The Sunday Disconnect


The fear of the Lord is the beginning of wisdom, and knowledge of the Holy One is understanding” —Proverbs 9:10, NIV

“When we use the phrase ‘the fear of the Lord’ it does not mean that we should be terrified of God,” said the preacher. “We are talking about reverence, about respect.”

The parishioner sitting halfway down the sanctuary breathed a sigh of relief. It was almost audible because it was being echoed by half of the rest of the congregation. They all “respected” God and kept Him in a special place in their lives. Every Sunday morning they would bring Him out, dust Him off, and let Him ride with them in the backseat of the car all the way to church.

“The Hebrew has several meanings for the word ‘fear,’ as we have it here,” continued the speaker. “Most of us are not familiar with this third meaning, but it contains a wealth of meaning that we should think about. That word is ‘piety’ and it is here that we come to understand that our actions speak louder than words. To be pious is not only to revere God but to be zealous for God, to live a holy life, to fulfill one’s duty as a Christian, to be spiritual, to be a saint. To fear the Lord is to live every detail of life with God’s character and will as the guiding principles of those details.”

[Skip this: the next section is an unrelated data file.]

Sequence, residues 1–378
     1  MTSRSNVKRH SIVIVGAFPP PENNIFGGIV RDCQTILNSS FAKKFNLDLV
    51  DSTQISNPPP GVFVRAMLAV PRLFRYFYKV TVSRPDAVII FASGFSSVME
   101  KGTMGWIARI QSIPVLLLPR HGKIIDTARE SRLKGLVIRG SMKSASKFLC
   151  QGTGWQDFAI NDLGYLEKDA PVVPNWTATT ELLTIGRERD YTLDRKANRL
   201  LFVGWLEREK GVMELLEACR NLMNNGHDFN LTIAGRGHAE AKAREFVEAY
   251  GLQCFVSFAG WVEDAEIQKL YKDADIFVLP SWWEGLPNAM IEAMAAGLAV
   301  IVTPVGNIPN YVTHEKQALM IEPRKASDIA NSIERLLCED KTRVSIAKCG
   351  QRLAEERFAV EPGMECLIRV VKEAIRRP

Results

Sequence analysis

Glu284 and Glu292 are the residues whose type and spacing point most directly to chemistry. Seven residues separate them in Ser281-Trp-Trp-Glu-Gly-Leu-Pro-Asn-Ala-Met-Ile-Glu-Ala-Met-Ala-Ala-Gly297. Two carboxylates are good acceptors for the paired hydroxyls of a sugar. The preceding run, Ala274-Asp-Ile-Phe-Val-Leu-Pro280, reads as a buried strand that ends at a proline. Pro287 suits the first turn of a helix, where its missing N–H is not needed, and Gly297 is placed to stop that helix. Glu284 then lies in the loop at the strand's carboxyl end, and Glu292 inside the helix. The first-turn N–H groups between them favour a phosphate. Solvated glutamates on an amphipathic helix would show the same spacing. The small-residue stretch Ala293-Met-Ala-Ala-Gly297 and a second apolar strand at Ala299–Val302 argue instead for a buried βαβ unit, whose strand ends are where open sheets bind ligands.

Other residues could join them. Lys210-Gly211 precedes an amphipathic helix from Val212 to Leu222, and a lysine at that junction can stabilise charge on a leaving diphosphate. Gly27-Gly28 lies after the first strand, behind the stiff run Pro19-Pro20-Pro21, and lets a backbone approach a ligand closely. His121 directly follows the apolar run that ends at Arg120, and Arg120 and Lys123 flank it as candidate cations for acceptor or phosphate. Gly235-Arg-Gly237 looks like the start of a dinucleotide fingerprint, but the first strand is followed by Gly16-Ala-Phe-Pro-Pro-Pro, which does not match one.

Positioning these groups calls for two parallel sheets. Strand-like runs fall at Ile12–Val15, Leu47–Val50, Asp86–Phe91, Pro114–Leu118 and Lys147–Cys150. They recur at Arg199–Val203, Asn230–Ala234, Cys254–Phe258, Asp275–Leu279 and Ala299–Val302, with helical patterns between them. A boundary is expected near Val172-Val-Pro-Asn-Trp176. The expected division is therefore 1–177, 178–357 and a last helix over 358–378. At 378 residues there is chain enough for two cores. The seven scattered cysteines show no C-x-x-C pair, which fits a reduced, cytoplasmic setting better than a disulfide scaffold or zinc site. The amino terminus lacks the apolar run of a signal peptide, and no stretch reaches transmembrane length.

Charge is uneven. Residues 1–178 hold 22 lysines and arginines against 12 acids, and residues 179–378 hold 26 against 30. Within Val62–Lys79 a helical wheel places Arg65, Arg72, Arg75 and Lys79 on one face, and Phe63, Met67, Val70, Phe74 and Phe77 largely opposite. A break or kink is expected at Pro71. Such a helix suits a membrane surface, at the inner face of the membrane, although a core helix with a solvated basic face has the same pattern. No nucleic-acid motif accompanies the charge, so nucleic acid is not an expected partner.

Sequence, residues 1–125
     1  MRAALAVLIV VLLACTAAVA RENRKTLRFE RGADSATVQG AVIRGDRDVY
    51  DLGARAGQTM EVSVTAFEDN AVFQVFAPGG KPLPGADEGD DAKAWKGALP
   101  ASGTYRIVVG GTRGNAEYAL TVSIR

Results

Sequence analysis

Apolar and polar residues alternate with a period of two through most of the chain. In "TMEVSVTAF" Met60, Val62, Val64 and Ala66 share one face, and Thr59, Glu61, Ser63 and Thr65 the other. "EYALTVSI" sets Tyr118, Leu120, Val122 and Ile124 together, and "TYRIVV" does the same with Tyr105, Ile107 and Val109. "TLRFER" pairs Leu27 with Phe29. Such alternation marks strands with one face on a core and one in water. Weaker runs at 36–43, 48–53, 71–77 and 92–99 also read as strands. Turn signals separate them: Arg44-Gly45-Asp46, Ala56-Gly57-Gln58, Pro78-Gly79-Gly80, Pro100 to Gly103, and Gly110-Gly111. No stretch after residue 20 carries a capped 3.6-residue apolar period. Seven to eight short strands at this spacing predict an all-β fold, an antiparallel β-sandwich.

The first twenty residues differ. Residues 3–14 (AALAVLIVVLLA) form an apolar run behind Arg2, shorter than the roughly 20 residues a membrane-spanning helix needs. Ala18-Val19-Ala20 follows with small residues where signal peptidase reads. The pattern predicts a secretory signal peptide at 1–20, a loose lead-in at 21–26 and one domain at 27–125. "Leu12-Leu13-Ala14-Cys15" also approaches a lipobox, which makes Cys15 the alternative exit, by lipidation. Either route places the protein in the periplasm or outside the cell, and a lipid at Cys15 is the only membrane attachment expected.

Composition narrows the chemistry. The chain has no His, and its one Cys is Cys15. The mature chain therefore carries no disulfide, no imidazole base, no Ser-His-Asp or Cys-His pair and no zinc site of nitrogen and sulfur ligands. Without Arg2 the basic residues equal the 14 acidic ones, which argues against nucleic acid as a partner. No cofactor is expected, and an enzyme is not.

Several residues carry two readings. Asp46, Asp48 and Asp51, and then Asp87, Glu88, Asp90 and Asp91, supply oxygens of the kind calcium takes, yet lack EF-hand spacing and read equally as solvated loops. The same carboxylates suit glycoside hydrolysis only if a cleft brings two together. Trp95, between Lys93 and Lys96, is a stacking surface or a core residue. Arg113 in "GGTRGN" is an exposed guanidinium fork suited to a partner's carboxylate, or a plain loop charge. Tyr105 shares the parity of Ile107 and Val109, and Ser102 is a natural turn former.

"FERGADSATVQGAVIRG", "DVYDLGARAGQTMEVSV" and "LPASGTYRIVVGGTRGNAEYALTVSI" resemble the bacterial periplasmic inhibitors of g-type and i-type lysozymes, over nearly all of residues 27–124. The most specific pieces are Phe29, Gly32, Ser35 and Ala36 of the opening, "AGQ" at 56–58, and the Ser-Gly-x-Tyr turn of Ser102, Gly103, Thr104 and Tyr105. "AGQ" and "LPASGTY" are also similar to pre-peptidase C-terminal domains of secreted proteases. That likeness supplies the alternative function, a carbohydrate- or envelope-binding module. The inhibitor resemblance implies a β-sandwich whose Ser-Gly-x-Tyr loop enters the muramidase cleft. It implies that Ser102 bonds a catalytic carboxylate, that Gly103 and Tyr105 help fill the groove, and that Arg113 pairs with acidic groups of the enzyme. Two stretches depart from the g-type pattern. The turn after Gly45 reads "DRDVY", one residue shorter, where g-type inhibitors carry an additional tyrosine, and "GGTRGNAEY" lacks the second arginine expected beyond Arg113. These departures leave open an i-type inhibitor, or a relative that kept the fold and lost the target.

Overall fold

With a heavy heart that grew lighter in proportion to his distance from the church, the parishioner loaded his God into the car after the service. This time he put Him in the trunk. He and the family were going out for lunch and then some shopping at the mall before the football game started on Sportsnet. He’d have to make a mental note of where he had left God so that he could find Him next Sunday when he went to church. Oh, he thought, not a problem, we’re going to the lake next weekend. I won’t need Him.

The pastor locked the door to the building as he left. He waved as the last of his congregation sped away, noting that the trunk was slightly ajar. I hope George hasn’t lost anything valuable, he mused.

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